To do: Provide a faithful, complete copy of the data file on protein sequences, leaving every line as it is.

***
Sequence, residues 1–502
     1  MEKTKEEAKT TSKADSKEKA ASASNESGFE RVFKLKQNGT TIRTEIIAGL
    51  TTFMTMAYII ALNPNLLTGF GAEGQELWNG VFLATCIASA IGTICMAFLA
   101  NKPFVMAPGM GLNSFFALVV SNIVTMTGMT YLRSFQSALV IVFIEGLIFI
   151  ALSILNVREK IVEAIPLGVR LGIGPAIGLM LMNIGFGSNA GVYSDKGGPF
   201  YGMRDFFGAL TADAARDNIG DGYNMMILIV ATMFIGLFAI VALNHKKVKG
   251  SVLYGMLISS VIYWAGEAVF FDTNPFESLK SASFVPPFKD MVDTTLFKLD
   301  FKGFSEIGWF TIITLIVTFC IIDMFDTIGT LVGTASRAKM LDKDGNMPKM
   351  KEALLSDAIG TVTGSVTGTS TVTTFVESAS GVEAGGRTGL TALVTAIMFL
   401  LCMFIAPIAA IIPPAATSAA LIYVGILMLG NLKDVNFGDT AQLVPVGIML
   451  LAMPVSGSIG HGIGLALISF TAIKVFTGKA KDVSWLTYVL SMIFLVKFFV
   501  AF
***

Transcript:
Sequence, residues 1–502
     1  MEKTKEEAKT TSKADSKEKA ASASNESGFE RVFKLKQNGT TIRTEIIAGL
    51  TTFMTMAYII ALNPNLLTGF GAEGQELWNG VFLATCIASA IGTICMAFLA
   101  NKPFVMAPGM GLNSFFALVV SNIVTMTGMT YLRSFQSALV IVFIEGLIFI
   151  ALSILNVREK IVEAIPLGVR LGIGPAIGLM LMNIGFGSNA GVYSDKGGPF
   201  YGMRDFFGAL TADAARDNIG DGYNMMILIV ATMFIGLFAI VALNHKKVKG
   251  SVLYGMLISS VIYWAGEAVF FDTNPFESLK SASFVPPFKD MVDTTLFKLD
   301  FKGFSEIGWF TIITLIVTFC IIDMFDTIGT LVGTASRAKM LDKDGNMPKM
   351  KEALLSDAIG TVTGSVTGTS TVTTFVESAS GVEAGGRTGL TALVTAIMFL
   401  LCMFIAPIAA IIPPAATSAA LIYVGILMLG NLKDVNFGDT AQLVPVGIML
   451  LAMPVSGSIG HGIGLALISF TAIKVFTGKA KDVSWLTYVL SMIFLVKFFV
   501  AF